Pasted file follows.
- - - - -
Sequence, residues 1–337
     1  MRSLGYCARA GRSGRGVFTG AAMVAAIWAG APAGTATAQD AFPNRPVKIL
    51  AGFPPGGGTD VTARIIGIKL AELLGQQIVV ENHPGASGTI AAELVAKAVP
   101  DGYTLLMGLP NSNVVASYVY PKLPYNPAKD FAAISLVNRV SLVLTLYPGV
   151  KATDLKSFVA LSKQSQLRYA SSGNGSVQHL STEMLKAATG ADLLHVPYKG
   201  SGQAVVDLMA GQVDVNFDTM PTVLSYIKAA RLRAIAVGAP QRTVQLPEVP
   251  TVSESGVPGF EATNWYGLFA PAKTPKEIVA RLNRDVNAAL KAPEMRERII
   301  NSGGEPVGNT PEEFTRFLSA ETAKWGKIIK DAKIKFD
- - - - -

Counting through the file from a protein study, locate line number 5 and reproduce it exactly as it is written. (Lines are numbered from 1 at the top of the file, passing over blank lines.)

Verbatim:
   151  KATDLKSFVA LSKQSQLRYA SSGNGSVQHL STEMLKAATG ADLLHVPYKG